In October, Ricardo Hernandez and I traveled to the Torres del Brujo (a.k.a. Sierra del Brujo), in the VI region of Chile. We started up the University Glacier until the point where it intersects the Mañke Glacier—a two-day approach. It took one additional day to pass large seracs on the Mañke Glacier and make camp below our objective, the unclimbed southeast couloir of Cerro Alto de los Arrieros (4,980m).
On our fourth day we climbed the couloir for 750m, roping up for 10 pitches. Due to strong winds, we dug an improvised bivouac in an ice cave, where we spent the night at around 4,900m. The next day, at first light, we completed the final meters to the summit. The climb took us 36 hours round-trip from our camp (750m, D 80°). It was the fourth overall ascent of the mountain, with prior ascents in 1950, 1964, and 1971.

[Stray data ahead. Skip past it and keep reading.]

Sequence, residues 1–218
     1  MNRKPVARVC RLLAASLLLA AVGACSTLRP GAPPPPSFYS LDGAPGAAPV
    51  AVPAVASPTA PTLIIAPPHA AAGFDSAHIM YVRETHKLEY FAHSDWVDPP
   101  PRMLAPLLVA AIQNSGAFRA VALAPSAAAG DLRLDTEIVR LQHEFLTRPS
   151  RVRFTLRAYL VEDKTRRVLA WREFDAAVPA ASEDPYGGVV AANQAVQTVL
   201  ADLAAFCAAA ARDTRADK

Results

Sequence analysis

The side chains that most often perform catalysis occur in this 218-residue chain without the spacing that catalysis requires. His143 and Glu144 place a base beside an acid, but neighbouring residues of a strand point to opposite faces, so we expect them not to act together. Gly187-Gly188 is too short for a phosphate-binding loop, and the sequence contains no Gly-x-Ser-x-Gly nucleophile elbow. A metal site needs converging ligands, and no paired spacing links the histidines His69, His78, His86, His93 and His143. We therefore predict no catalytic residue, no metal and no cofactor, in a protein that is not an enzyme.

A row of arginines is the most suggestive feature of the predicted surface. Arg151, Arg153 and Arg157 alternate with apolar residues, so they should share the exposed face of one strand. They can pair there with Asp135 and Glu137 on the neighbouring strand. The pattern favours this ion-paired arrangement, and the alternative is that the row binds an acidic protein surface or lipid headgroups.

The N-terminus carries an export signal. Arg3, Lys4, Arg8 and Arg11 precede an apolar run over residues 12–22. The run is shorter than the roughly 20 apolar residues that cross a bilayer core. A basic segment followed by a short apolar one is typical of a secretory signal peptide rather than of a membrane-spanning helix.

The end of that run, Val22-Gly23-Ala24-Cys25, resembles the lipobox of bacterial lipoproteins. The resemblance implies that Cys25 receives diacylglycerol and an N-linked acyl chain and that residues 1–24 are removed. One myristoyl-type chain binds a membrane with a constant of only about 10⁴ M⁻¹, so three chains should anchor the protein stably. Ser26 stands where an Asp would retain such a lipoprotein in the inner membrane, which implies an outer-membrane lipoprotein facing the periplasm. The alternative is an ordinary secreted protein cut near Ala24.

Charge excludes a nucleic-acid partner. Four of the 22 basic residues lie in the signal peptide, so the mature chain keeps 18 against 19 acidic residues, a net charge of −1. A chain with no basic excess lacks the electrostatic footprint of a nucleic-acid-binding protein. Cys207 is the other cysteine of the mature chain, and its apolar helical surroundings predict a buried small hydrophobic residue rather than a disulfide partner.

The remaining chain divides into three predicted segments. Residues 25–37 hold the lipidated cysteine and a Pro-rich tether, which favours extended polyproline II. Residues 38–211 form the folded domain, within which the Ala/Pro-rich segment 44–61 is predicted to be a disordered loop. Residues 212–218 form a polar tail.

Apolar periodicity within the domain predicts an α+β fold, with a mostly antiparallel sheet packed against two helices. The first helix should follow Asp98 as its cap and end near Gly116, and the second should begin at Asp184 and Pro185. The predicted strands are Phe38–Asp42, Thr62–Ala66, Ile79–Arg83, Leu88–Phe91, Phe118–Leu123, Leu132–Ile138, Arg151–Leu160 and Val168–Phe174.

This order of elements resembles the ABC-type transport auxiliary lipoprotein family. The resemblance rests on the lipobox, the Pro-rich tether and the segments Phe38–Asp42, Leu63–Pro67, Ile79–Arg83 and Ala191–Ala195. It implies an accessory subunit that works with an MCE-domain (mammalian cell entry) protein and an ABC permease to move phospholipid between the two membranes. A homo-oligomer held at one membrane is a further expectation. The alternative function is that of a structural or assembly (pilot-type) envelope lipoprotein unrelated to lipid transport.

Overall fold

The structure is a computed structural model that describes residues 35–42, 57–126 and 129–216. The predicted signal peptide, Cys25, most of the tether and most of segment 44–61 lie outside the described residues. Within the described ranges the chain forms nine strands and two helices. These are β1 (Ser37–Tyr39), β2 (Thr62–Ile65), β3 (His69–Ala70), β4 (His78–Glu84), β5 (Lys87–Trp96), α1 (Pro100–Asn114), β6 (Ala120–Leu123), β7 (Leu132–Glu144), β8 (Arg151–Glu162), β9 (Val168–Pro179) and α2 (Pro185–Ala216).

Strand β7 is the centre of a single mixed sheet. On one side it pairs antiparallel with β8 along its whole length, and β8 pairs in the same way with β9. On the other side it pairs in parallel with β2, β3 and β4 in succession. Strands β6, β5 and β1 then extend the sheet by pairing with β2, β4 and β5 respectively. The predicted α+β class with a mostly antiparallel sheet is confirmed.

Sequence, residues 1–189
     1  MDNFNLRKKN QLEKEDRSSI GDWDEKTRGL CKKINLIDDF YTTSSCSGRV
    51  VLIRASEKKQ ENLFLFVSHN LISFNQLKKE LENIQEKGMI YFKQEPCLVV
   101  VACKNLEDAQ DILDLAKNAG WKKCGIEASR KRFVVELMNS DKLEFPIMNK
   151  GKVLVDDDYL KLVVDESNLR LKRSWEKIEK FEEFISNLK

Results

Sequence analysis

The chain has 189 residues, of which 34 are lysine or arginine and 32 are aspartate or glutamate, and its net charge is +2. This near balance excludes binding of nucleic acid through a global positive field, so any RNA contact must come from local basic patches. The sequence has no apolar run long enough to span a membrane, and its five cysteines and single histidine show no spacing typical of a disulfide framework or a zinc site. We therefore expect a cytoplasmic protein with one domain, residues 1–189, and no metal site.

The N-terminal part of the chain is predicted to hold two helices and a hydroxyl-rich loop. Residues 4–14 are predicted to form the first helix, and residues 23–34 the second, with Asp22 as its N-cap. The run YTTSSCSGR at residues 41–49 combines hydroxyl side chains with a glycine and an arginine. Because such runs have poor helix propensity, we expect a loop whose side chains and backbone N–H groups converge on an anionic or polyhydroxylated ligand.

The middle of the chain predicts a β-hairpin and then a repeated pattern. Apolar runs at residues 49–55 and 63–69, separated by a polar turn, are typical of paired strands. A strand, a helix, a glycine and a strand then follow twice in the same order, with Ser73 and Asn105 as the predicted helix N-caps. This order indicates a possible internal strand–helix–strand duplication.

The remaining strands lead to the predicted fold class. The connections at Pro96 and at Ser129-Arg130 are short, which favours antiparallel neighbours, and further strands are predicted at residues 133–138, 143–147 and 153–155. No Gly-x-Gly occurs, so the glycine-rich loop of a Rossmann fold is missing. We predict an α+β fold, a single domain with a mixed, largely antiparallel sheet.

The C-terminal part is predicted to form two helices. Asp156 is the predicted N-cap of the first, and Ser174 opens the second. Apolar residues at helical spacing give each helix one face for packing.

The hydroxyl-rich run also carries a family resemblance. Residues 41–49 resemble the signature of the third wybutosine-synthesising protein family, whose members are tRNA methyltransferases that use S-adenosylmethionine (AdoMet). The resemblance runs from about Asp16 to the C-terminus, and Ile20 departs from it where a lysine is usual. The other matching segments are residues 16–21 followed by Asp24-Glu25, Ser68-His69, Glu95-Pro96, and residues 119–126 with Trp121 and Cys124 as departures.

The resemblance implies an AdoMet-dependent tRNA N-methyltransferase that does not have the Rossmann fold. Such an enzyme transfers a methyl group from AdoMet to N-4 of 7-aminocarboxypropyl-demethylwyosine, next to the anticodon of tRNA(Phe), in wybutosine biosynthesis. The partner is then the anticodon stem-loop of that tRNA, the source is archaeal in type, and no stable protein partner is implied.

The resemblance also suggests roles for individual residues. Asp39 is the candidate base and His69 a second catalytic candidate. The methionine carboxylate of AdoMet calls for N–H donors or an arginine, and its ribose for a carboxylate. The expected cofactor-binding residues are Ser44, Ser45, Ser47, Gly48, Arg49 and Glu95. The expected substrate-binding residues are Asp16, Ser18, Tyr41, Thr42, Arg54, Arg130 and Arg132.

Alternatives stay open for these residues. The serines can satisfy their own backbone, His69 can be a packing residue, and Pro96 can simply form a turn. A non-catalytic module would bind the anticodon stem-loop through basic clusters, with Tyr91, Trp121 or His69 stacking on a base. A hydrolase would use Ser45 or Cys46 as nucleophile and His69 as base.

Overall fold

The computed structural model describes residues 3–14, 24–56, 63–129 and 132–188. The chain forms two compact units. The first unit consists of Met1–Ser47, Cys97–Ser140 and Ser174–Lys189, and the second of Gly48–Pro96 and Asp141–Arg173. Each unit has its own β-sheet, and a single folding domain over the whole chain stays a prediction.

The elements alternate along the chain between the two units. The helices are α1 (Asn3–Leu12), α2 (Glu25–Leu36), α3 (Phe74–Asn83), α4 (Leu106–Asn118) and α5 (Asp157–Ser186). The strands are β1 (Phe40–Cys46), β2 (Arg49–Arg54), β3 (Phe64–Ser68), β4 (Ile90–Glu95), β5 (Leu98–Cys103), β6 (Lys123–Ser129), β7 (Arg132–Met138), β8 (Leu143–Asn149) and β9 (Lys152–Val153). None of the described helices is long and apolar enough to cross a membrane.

The climbing possibilities in this area are very interesting, with big rock walls, frozen cascades, and mixed terrain [see AAJ 2005 and 2010 for examples of recent routes completed].
Elvis Acevedo, Chile